The delay in the 5G spectrum auction could cost Brazil billions

Brazil is proving to be a popular destination for 5G equipment vendors. Both Ericsson and Nokia have demonstrated significant interest in the South American country, with the former announcing plans to invest $238.3 million to install a new assembly line for 5G the country, and the latter hoping to attract opportunities in the market with the future auction of 5G spectrum. In fact, in a recent interview with Reuters, Nokia’s CTO in Latin America Wilson Cardoso, called Brazil’s 5G spectrum auction “the world’s biggest-ever.”

However, while Nokia was confident that Brazil’s telecommunications regulatory agency Anatel would carry out the auction in March as scheduled, it is now clear that it has been delayed in a setback that could cost the state billions in lost tax revenues and investments.

The new timeline puts the auction at the end of this year, or, as some analysts have suggested, most likely the beginning of next year, as a dispute around the rules of the affair continues to circulate.

Unsurprisingly, the delay has caused some serious disappointment, particularly from those who have invested so much in the Brazilian 5G market. Ericsson’s Director of Government Relations, South America Tiago Machado highlighted the urgency of the situation: “We need policymakers and regulatory [agencies]to take the proper measures to make sure this goes forward in a timely manner. This is very important because of the impact that having, or not having, this next year could have not only on the telecommunications sector but the Brazilian economy.”

Brazilian operators, however, are continuing to develop their 5G plans, even as Anatel has failed to provide a concrete date for when they will finally have the opportunity to bid for the coveted spectrum.


Vivo, the leading wireless and fixed company in Brazil, began testing the 5G-capable 3.5GHz band in Sao Paulo in August 2018 using an active Ericsson AIR 6468 5G NR-capable radio, with 64T64R Massive MIMO features.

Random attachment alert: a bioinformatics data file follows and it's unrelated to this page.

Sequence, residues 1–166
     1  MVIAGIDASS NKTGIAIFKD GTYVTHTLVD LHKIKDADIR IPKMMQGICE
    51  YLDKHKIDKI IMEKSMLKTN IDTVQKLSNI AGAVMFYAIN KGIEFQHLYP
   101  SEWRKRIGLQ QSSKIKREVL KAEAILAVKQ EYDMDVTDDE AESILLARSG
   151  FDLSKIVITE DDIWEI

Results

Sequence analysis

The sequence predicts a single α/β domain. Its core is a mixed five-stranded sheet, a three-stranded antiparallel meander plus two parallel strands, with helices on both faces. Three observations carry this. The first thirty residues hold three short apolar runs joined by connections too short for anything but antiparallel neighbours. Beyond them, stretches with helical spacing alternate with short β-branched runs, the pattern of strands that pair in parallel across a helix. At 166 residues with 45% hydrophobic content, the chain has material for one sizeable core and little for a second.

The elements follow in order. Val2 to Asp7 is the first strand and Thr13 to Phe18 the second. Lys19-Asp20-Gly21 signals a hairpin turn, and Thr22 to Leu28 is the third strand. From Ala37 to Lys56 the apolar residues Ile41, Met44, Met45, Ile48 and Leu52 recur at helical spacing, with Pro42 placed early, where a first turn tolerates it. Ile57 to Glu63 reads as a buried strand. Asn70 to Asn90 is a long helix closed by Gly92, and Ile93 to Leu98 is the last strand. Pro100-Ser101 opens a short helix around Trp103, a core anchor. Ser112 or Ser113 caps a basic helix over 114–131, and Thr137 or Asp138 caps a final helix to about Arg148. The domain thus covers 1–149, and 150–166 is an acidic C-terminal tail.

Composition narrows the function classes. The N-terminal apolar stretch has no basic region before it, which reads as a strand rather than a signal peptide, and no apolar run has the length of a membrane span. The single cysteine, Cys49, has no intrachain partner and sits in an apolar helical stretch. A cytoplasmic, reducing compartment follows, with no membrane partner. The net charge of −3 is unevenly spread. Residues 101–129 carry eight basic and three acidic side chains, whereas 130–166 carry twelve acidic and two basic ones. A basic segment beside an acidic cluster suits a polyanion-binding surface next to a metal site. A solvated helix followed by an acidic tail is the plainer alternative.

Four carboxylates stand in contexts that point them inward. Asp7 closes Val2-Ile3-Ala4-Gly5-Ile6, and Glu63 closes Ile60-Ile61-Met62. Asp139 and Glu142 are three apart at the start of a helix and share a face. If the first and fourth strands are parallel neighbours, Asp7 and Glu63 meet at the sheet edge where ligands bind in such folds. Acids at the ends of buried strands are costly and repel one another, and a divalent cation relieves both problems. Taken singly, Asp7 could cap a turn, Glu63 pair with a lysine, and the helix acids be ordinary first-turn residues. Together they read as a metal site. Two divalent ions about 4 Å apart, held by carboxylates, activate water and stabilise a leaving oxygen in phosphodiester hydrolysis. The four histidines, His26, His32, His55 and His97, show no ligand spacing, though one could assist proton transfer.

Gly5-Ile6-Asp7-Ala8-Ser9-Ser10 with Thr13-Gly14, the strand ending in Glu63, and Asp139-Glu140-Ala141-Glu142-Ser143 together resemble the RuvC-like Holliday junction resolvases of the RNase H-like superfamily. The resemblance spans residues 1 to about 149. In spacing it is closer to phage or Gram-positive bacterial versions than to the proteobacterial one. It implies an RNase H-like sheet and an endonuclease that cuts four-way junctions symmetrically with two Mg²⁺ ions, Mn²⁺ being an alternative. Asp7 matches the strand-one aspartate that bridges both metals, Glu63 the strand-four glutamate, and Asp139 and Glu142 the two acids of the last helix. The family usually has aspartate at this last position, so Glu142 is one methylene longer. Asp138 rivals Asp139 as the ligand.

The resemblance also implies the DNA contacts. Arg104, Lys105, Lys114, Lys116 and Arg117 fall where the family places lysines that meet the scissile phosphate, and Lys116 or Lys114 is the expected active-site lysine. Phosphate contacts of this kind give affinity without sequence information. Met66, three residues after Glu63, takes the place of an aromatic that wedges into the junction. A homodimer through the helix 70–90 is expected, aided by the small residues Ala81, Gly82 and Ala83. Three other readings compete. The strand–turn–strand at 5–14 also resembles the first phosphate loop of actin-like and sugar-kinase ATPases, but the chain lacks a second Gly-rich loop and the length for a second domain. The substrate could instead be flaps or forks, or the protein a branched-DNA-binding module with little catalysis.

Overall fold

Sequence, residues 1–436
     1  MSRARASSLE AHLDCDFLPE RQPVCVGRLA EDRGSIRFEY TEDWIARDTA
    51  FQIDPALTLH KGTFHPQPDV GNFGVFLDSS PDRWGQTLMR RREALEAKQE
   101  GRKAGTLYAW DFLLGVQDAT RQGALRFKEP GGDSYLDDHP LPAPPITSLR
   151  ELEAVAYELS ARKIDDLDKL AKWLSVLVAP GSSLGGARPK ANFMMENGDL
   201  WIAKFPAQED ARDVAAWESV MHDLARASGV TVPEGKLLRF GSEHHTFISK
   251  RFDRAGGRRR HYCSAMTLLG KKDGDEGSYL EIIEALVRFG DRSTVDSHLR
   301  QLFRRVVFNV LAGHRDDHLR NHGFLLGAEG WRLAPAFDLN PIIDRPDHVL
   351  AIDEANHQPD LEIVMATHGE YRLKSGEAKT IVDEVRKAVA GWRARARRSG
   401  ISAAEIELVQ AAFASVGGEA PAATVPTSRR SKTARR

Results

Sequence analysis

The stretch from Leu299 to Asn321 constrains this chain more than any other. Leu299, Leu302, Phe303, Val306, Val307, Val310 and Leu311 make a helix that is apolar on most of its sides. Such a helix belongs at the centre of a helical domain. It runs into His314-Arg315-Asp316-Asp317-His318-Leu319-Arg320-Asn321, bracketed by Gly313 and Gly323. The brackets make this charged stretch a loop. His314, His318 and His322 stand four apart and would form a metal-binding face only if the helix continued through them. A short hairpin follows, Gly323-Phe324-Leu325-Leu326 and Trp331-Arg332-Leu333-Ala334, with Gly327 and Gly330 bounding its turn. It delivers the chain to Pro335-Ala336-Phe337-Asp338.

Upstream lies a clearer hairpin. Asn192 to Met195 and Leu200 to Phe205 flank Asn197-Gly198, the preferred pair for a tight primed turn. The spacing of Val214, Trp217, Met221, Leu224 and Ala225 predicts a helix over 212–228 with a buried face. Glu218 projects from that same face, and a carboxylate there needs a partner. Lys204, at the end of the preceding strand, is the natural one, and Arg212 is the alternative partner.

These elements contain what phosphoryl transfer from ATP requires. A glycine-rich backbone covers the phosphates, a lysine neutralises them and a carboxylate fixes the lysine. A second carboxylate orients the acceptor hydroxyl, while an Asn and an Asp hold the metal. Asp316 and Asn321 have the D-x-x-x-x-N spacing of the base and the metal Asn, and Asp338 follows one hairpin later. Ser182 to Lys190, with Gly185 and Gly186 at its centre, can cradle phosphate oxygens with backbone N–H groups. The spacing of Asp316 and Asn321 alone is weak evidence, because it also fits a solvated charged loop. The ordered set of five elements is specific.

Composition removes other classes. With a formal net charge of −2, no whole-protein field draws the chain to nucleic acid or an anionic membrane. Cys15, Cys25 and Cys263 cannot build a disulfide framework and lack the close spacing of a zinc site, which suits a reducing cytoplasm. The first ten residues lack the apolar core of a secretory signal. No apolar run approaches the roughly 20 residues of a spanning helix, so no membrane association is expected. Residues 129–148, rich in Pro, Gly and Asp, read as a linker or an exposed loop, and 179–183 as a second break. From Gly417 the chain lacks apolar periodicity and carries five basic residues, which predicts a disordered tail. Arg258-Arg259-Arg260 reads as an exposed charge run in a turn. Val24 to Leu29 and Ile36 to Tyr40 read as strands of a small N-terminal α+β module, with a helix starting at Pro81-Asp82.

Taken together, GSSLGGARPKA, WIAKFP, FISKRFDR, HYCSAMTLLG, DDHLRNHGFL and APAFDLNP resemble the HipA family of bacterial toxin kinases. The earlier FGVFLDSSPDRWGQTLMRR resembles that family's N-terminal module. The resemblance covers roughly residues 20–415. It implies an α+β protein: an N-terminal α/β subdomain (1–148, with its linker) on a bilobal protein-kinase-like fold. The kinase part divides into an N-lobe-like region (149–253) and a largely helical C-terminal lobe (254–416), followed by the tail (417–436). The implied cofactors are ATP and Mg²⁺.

And in July 2019, the telecom successfully tested 3.5GHz technology in Rio de Janeiro with Huawei. The end-to-end 5G solution involved the use of a 64×64 Massive MIMO configuration and a virtualized 5G core and underpinned a virtual reality (VR) demonstration.

From early on, Vivo has made it clear that VR and AR are a big part of its 5G strategy as the telecom is promising to deliver a richer mobile experience in the form of several 5G-enabled smart devices and applications. At MWC Shanghai last year, the telecom demonstrated its first commercial 5G smartphone and its AR glasses.


Last May, TIM, Telecom Italia’s Brazilian subsidiary, began its 5G tests on the 3.5 GHz frequency in the southern capital of Florianópolis. The trial was carried out using Huawei equipment and in partnership with the CERTI foundation, a public research and development organization. Download speed tests showed results of almost 1 Gbps.

And in November, the operator conducted a new 5G trial at Sao Paulo’s Morumbi shopping center made possible by Anatel’s decision to temporarily award the operator 3.5GHz spectrum license. The tests, which reportedly ran until December, were performed with Ericsson, using an LG V50 smartphone.

Pietro Labriola, chief executive officer of TIM Participacoes, has commented in the past on TIM’s desire to “be the pioneer” when it comes to 5G in both Brazil and Italy.

He also pointed out that the fate of Brazil’s 5G deployment continues to rest heavily on the frequency auction, which, as mentioned previously, is facing a disappointing delay.

Approaching 5G from a different angle, TIM selected Nokia AirFrame servers that feature second generation Intel Xeon Scalable processors to virtualize its data centers by the end of 2021, which, according to TIM CTIO Leonardo Capdeville, will play a critical role in the operator’s 5G pilot project.

“With this core virtualization, TIM is leading with a 5G pilot project over the network. This process also allows us to strengthen our customers’ data protection,” he said.


Claro has been demonstrating 5G for years, holding a “5G” technology demonstration at Futurecom 2016 with Ericsson and using the 15 GHz frequency band.

Then, a year later, almost to the day, the telecom worked with Huawei—and fellow América Móvil group operator Net—to conduct Brazil’s first live demonstration of Ultra HD 8K video streaming over a 5G experimental network. Initial testing showed a speed of 3.2Gbps and very low latency of 1ms, with 5G Huawei equipment over the 3.5GHz band

In November, Claro revealed plans to invest $7.8 billion over the next three years to build out mobile infrastructure, mostly focusing on its 4G network. However, during the same conversation with Brazilian President Jair Bolsonaro, Carlos Slim Domit, son of Claro Founder Carlos Slim, confirmed the telecom’s intention to participate in the 5G frequencies auction, despite his criticisms regarding some of the rules that Anatel has established for the auction.

The post In Brazil, 5G on hold as spectrum auction is delayed appeared first on RCR Wireless News.


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